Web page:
[OPE-L:2570] estimation of abstract labor

Fred Moseley (fmoseley@laneta.apc.org)
Wed, 26 Jun 1996 07:20:58 -0700 (PDT)

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This is a response to Paul C's (2539) on the necessity and possibility of
estimating abstract labor. Paul, thanks for the clarification of your
estimation procedures.

1. To begin with, I wish to note that Paul has not responded to my main
point that the concepts of constant capital, variable capital, and
surplus-value are defined in terms of quantities of money, and therefore can
be estimated directly in terms of money. One may still wish to try to
estimate abstract labor for various other purposes, but this is not
necessary in order to justify estimating the components of capital in terms
of money.

2. With respect to the concept of abstract labor, Paul wrote:

We take the position that the problems that one has in understanding a
historically lower mode of production can be solved if you consider the
more advanced form that succeeds it. Thus to understand value and abstract
labor properly you must as Marx often did, consider the matter from the
standpoint of a future communistic society.

Our initial analysis of the problem of how to define abstract labor is thus
from the context of how a socialist planned economy could perform its
calculation in terms of labor. One can then look back at capitalism and
understand to what extent the same things appear there in fetishitic form.

I disagree with this conception of abstract labor and this general
methodological principle. I find no evidence that Marx defined his concepts
from the perspective of a future communist society. Rather, Marx's
emphasized that his concepts are HISTORICALLY SPECIFIC, i.e. they are
defined in terms of their function in capitalist society. Therefore, Marx's
concept of abstract labor applies specifically and solely to capitalist
society and is not derived from a future communist society.

As an aside, I generally agree with your and Allin's arguments against
Roemer, et al. that socialist planning could be in terms of labor-time. But
this has no bearing on Marx's concept of abstract labor in his theory of

3. Paul argues that skilled labor in socialism and therefore in capitalism
is converted into abstract labor by adding the hours of training labor to
the hours of skilled labor, an interpretation first suggested by Hilferding
and which has been the dominant interpretation ever since. However, I find
no evidence for this interpretation in Marx. Rather, it seems to me that
Marx simply took the skilled labor multipliers as given and did not provide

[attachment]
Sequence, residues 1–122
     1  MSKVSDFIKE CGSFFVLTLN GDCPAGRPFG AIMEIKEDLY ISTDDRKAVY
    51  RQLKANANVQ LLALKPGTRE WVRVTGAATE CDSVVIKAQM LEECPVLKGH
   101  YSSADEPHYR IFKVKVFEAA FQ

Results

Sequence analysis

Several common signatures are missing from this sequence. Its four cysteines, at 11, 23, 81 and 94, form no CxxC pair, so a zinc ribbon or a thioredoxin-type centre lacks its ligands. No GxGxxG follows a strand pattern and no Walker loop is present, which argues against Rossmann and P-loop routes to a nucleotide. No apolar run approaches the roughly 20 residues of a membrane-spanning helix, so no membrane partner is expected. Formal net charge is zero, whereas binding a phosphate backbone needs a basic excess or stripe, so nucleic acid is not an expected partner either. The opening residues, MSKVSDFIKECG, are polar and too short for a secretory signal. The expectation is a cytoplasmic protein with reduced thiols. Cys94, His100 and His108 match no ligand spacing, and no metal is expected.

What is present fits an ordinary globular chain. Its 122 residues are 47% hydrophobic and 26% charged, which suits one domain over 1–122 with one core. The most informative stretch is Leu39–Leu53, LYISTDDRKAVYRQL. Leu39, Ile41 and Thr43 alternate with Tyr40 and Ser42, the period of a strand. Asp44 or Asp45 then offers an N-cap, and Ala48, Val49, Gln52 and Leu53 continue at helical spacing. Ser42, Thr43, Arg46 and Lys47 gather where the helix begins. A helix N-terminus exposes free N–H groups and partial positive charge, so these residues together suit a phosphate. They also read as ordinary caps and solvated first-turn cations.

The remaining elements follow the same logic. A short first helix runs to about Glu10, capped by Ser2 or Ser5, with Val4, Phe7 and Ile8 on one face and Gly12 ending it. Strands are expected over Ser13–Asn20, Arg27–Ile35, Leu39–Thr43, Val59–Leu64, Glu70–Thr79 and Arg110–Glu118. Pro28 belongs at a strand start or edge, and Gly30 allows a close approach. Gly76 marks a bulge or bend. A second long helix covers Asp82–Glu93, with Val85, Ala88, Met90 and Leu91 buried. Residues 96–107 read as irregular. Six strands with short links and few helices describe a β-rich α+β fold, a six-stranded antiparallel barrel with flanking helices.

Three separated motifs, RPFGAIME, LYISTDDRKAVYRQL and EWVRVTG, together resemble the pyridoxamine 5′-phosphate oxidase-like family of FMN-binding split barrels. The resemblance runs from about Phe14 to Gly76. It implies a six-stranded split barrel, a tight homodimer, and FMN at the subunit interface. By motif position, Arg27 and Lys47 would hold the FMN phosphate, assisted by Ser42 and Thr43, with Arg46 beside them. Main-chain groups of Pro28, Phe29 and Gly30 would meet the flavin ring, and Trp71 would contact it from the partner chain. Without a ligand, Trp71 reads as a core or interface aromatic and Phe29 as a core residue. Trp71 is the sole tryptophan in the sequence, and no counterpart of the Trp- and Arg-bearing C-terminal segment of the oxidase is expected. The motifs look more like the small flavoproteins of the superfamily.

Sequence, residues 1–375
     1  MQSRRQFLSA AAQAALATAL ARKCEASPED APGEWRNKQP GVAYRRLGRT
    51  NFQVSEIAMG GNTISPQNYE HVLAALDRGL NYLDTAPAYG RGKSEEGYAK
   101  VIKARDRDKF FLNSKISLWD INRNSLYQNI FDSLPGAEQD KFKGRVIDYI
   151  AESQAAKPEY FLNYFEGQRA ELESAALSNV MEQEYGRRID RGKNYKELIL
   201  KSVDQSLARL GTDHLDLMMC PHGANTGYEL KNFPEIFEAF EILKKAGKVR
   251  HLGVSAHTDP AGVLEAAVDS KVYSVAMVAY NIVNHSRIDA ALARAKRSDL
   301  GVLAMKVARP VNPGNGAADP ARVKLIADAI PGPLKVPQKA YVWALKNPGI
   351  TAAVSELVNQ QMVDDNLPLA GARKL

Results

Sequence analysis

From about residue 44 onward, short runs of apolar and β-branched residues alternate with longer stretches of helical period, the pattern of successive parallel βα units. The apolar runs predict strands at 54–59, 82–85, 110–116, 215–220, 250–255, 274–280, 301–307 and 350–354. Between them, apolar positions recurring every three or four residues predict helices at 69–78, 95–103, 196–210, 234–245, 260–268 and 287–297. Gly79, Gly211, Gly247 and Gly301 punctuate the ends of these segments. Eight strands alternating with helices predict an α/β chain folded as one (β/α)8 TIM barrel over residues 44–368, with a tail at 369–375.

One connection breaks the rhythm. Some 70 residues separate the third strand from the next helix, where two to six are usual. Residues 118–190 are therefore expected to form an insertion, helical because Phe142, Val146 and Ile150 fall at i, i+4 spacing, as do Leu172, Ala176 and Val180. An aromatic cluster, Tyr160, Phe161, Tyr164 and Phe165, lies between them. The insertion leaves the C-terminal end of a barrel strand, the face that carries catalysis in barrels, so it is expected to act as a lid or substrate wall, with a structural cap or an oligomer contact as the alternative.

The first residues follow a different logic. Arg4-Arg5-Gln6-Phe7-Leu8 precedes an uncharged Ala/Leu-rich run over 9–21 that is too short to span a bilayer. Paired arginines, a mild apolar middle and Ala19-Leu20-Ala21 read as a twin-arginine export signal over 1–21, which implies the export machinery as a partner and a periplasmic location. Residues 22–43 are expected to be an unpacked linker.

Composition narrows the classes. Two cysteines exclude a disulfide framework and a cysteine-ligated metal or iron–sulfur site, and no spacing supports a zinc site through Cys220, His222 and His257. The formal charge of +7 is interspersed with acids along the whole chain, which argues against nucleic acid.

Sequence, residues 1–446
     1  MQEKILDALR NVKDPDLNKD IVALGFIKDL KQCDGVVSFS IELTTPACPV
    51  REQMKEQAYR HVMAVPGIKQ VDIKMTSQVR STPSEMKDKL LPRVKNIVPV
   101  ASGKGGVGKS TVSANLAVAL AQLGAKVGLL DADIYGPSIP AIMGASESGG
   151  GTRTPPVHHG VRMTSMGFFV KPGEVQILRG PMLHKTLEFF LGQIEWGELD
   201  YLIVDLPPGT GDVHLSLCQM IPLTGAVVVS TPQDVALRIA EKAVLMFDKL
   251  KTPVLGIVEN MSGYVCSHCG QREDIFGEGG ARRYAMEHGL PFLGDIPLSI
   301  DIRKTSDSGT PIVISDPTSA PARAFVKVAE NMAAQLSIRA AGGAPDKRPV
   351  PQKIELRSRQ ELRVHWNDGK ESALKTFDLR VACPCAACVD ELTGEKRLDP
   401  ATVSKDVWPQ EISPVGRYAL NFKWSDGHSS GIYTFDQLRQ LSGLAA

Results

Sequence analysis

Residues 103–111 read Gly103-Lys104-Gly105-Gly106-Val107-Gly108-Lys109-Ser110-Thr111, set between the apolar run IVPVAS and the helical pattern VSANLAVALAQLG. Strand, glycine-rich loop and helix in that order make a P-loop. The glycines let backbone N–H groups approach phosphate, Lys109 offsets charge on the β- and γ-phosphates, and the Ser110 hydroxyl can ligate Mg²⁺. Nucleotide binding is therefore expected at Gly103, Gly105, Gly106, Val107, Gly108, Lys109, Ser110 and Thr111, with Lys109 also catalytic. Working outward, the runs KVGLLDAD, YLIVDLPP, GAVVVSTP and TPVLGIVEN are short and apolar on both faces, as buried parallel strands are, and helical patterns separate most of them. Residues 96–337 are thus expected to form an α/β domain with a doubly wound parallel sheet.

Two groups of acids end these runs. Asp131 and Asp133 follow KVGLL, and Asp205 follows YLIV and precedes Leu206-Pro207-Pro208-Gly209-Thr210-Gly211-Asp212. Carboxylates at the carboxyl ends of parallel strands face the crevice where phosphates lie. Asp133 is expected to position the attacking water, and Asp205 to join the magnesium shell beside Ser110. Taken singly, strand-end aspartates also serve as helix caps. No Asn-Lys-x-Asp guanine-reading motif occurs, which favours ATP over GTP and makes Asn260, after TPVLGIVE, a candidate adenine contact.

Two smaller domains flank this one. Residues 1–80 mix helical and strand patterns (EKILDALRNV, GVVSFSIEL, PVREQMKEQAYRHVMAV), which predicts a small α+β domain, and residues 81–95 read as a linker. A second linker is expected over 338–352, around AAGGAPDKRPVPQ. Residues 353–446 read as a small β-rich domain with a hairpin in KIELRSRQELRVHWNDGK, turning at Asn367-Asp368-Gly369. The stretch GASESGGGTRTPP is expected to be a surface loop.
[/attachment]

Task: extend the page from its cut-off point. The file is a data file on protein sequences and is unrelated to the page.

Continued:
a theoretical rule for the determination of these multipliers.

Instead, Marx assumed in Chapter 6 of Volume 1 that the WAGES of skilled
labor are determined by adding the costs of training to the reproduction
costs of simple, unskilled labor.

4. Paul and Allin's estimation procedure (I focus here on Method A which
yielded the strongest correlation between prices and values), takes the
total wages for each industry as a proxy for the total amount of abstract
labor in each industry. (By the way, is this the same estimation procedure
used by Shaikh, Ochoa, et al.?) This estimation procedure is significantly
different from their concept of abstract labor, discussed in #3. Their
concept of abstract labor, combined with Marx's assumption regarding the
wages of unskilled labor, also discussed in #3, implies that different
skills will have different rates of surplus-value (the rate of surplus-value
for skilled labor will be less than the rate of surplus-value for unskilled
labor), which is not by itself a problem. However, their estimation
procedure implies that the quantity of abstract labor, and hence the
quantity of new-value produced, is proportional to the wages paid. This
procedure implies that the rates of surplus-value will be the same for all
skills. Therefore, their estimation procedure produces biased estimates of
their concept of abstract labor.

5. By treating wages as a proxy for labor, their estimation procedure
directly tests the correlation between prices and wages. Therefore, the
resulting correlation can also be interpreted as empirical support for the
"cost of production theory of value" (CPTV) as well as for the LTV. The
CPTV was of course the main rival theory of Marx's (and Ricardo's) LTV.
Paul, how do these results or further tests discriminate between the LTV and
the CPTV?

6. Paul, do these estimates distinguish between productive labor and
unproductive labor?

7. In conclusion, I reiterate that, even if one could solve the above
problems and derive more rigorous estimates of abstract labor, this is still
not necessary to justify estimates of constant capital, variable capital,
and surplus-value in terms of money. These concepts are defined in terms of
money, not in quantities of abstract labor. Capital is defined as money
that becomes more money. Marx EXPLAINED the transformation of money into
capital on the basis of the labor theory of value (I would say on the basis
of unobservable quantities of abstract labor); but the observable phenomena
to which capital and its components refer are quantities of money that
function as capital.